Using social media in pre-employment checks

Many individuals now have an online profile and may be tempting to carry out online and social media searches as part of pre-employment screening. However, this approach can be highly problematic and  whilst social media can be a useful tool in attracting candidates, departments are advised against using social media or other online searches for the purpose of screening candidates.

In a few, very specific cases, an online search may be justified, such as where the employee will be a spokesperson for the University, or for posts with significant public exposure, representing the University in an official capacity. In any such cases departments should contact the University’s Security Services Vetting and Screening Administration team, who are able to offer a service  through a third party provider as part of their Higher Level Screening. This will ensure that findings are verified and relate to the correct individual, and that appropriate consent is given by the candidate.

Departments should be mindful of the following advice:

  • personal data should only be accessed  if it is relevant to the candidate’s suitability for the role and relates to the candidate’s personal capabilities, skills, education and experience
  • only the absolutely necessary personal information (no more than is needed), and information that is relevant to the job and is not excessive should be collected
  • social media searches should not be used as a general trawling exercise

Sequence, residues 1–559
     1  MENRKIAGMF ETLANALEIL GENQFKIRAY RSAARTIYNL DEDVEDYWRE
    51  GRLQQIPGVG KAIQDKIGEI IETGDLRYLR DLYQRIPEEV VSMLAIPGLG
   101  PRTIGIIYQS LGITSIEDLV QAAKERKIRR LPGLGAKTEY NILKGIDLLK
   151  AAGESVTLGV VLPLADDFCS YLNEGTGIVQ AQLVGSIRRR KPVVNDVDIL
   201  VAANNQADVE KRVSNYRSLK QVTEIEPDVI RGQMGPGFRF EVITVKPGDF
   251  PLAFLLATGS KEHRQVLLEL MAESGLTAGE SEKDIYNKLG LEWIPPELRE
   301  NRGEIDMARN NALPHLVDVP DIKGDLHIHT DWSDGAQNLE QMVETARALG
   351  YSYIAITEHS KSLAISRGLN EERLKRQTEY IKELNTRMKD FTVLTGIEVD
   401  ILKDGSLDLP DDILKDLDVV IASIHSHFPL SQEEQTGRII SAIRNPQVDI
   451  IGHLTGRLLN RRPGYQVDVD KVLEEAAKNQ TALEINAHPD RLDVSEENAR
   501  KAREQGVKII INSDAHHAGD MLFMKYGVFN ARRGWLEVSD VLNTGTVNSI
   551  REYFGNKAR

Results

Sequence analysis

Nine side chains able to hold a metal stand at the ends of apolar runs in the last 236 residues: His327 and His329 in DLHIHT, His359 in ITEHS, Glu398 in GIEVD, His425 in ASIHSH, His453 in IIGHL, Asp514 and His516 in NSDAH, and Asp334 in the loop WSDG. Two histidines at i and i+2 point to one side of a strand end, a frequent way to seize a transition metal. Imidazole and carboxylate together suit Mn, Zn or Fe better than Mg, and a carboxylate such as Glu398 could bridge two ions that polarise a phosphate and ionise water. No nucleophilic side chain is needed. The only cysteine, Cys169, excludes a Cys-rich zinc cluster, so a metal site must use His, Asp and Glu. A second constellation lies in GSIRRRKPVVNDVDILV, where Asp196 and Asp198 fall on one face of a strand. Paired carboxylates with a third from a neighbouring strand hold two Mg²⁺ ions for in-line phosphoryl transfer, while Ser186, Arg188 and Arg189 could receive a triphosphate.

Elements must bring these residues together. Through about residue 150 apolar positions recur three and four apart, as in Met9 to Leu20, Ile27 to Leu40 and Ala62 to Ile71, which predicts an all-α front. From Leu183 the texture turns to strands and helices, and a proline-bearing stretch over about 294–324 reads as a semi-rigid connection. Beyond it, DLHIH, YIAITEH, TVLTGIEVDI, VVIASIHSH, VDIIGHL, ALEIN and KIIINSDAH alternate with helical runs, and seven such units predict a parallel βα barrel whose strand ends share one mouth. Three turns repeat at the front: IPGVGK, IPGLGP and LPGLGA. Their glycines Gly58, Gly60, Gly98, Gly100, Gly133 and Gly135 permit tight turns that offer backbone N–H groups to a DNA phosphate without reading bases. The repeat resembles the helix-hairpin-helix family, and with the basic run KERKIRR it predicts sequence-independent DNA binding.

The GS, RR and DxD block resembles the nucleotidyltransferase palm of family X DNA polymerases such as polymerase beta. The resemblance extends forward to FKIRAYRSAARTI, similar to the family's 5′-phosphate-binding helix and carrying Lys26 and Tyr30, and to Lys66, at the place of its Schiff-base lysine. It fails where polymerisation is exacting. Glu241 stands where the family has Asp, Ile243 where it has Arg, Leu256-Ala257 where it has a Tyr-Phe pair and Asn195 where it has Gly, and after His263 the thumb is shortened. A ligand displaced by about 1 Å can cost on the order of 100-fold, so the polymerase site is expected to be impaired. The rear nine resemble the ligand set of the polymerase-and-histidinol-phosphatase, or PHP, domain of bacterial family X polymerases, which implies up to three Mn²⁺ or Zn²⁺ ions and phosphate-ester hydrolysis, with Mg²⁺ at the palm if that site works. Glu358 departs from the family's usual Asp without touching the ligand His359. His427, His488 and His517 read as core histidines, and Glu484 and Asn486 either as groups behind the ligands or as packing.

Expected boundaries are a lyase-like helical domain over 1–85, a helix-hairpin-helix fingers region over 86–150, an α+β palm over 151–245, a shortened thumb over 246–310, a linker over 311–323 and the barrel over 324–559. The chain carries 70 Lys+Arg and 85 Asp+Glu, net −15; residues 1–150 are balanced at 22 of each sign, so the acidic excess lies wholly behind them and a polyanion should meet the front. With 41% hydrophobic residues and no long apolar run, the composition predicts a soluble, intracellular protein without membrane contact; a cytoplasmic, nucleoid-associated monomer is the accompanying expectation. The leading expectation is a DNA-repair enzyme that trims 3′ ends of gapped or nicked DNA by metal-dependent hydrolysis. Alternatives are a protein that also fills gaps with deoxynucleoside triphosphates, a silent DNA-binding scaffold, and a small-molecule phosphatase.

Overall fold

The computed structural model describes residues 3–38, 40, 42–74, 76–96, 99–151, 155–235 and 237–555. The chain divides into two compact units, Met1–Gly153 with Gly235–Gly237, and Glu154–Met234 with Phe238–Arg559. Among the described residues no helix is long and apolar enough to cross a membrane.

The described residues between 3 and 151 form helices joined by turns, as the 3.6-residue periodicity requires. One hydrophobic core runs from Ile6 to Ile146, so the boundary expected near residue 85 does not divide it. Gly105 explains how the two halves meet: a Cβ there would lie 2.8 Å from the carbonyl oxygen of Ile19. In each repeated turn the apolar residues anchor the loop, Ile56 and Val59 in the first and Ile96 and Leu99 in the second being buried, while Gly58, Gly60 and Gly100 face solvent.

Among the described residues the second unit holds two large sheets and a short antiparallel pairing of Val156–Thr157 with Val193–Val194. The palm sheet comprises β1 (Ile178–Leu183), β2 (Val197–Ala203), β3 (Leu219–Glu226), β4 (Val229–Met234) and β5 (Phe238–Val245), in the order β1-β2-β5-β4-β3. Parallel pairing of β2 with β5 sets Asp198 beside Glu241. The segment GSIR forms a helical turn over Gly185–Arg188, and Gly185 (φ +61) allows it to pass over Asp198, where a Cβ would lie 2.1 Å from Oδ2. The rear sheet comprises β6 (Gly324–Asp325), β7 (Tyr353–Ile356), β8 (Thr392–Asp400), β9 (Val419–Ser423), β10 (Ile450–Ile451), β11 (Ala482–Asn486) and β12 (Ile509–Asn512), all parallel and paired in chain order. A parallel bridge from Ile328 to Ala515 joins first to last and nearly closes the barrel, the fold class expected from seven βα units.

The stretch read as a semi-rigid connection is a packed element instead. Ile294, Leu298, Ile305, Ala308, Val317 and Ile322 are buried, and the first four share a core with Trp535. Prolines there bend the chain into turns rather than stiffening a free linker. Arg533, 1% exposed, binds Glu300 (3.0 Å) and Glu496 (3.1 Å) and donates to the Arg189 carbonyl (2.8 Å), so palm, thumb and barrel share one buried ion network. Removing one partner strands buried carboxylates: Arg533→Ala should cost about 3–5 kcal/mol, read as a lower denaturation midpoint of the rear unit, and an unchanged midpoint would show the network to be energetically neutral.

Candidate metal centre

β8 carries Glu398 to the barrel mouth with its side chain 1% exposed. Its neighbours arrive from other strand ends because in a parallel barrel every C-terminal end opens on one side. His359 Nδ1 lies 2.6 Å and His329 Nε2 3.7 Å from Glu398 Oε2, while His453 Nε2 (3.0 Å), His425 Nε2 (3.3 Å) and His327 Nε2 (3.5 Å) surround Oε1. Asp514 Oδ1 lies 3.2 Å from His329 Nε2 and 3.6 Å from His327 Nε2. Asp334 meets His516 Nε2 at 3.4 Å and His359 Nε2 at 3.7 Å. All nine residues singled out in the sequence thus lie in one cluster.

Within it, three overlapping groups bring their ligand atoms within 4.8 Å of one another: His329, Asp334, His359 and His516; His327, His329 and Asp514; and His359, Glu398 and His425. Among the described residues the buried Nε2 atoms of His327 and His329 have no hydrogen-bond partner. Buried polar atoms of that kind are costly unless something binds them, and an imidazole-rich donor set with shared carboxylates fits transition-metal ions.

• reasonable steps should be taken to ensure the accuracy of any personal details accessed online
  • a distinction should be drawn between the use of social media for mainly private purposes and for mainly professional purposes. So, for example viewing a LinkedIn profile may be legitimate since this is an individual’s public, published professional profile but Facebook, which is primarily a social site, should not be viewed
  • information that is in the public domain regarding someone’s professional background can be used. For example profiles on other employers, HEIs or professional bodies websites may be viewed in order to verify information given in an application or CV
  • before online searches are conducted applicants should be advised that information about them might be gathered in this way
  • applicants should be given an opportunity to respond to any adverse findings from online searches, where they may be considered in the decision-making process
  • recruiting managers must take care not to inadvertently act in a manner that could be considered discriminatory, or otherwise unfair
  • any personal data gathered during the recruitment/screening process should be handled and retained in accordance with the University’s guidance on record-keeping and the GDPR and related UK data protection legislation